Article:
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- Kati C.
- Rockaway Park, NY
Bacterial Infection Teacher Resources
Find teacher approved Bacterial Infection educational resource ideas and activities
Eleventh graders explore the spread of a disease through a population. In this Algebra II lesson, 11th graders analyze graphical data representing they spread of a disease. Students produce a graph of the virus data, analyze the data, and compare viral and bacterial infections.
Students work with whole plant material and are not required to measure small quantities, yet they can see evidence of transformed plant cells (plant cells that have genes from bacterial plasmids). This is a laboratory suitable for students who are familiar with the basic principles of plant cell structure, tissue culture, sterile technique, and cell transformation (bacterial infection, plasmid vectors, marker genes, selection medium, and enzyme activity assays).
Five questions about the work of biochemist, Oswald Avery, are presented on this worksheet. You will need to find a reading passage, perhaps on the Internet, about his discovery, but it would be a worthwhile search. The assignment brings up thought-provoking questions, not only on the development of our understanding of DNA, but also the history and conventions of science.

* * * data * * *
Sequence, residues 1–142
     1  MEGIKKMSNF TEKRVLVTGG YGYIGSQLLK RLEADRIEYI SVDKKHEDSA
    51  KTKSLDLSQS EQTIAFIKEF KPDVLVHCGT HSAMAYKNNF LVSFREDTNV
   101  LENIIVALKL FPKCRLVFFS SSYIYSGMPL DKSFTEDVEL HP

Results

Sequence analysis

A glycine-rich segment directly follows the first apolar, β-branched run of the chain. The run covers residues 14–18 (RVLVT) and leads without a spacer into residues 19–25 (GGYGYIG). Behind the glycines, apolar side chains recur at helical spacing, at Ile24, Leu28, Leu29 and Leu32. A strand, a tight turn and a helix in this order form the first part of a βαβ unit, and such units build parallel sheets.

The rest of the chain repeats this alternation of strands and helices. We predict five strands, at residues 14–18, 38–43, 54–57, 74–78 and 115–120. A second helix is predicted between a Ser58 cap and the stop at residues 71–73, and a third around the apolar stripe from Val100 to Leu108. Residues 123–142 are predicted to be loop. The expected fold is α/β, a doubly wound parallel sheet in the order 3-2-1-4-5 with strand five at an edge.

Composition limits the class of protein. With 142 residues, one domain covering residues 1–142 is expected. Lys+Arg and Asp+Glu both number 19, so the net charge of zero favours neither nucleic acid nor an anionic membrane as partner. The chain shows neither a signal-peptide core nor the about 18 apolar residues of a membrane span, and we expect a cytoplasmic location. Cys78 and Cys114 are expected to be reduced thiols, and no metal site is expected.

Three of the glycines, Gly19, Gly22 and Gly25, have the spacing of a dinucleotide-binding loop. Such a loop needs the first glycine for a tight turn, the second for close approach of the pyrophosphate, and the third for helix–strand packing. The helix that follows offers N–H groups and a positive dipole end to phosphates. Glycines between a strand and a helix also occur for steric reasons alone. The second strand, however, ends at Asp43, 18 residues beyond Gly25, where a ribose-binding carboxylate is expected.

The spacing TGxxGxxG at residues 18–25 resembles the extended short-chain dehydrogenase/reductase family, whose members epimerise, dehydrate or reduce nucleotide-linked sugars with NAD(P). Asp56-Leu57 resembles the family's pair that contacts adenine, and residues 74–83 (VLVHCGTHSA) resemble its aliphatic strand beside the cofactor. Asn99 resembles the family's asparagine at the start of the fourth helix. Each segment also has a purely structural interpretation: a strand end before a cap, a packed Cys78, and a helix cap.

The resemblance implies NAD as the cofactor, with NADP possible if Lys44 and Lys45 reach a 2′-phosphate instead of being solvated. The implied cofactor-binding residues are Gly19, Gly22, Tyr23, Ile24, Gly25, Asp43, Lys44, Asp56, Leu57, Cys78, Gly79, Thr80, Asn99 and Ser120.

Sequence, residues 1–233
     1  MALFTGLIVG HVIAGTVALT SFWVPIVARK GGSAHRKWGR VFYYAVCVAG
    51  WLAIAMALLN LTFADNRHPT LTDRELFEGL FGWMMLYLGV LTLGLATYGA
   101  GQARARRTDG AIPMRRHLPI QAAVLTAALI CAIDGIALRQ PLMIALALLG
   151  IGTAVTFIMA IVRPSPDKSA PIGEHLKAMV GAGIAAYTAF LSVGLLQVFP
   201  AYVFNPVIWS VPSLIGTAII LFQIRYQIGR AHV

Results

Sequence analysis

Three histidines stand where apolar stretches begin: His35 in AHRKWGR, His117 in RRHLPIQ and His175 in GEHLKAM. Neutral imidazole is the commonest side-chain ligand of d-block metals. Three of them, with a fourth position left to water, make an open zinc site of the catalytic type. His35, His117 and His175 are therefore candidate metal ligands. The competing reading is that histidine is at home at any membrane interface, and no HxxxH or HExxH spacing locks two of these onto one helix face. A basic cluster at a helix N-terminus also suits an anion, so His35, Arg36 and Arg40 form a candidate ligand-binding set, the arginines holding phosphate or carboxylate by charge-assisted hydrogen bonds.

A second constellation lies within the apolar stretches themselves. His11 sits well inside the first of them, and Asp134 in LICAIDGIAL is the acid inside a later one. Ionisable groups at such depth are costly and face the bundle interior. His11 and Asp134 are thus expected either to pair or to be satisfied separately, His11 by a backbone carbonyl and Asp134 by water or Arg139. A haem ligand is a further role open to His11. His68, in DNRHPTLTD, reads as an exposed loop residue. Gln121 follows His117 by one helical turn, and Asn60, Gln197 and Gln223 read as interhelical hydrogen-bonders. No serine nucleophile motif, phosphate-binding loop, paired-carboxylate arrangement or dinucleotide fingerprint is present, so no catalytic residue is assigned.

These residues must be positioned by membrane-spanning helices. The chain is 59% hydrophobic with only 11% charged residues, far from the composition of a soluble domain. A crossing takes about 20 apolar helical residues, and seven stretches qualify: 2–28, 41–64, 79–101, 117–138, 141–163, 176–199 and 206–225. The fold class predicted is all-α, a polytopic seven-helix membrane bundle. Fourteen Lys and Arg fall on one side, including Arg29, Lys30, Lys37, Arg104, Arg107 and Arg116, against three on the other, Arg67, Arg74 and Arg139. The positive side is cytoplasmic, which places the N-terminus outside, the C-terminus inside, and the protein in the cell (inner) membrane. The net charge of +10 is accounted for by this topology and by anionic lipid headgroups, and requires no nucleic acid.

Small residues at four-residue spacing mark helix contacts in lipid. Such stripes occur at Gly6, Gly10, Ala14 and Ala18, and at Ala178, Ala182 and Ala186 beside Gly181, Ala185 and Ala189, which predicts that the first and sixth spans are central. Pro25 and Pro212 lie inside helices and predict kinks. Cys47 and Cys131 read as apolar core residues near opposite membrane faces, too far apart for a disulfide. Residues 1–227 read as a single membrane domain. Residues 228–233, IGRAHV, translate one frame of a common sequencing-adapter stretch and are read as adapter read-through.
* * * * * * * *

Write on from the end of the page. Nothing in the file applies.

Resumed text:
High school biologists produce written answers to twenty-five questions about human immunity. This worksheet was designed as a reading guide for a specific textbook; however, you can use it for any general biology textbook or as a unit review. The material covered is comprehensive and typical for this topic.
There is an important distinction between the bacteria that most students recognize as having a negative impact, and those that live in a symbiotic relationship with us. Sal looks at the mechanisms by which bacteria accumulate variation and also how they impact our lifestyle and behavior. Real-world and sometimes humorous examples add interest to this presentation.
The 2005 version of the Regents High School Examination in the area of ecology is as comprehensive as previous years' exams. It consists of 40 multiple choice questions on everything from the structure of DNA to the interactions within an ecosystem. Questions following include analysis of population graphs, interpreting data, drawing a graph, and short essay responses. The same range of topics is covered.
The different methods of attack that the human body uses against invaders on a cellular level are summarized here. There are detailed diagrams regarding the specializations of the immune cells, and the chemical or physical response that they evoke. There are some sentences left incomplete that can be filled in during the lecture.
A fantastic slideshow that has images, details, definitions and trivia to accompany each structure and response involved with the immune system. The slides are very useful for all levels of the immune response. A complete sets of notes could be generated by your students from this PowerPoint. information is separated concerning cells and specialized roles. There are also a couple of slides about the HIV virus and AIDS.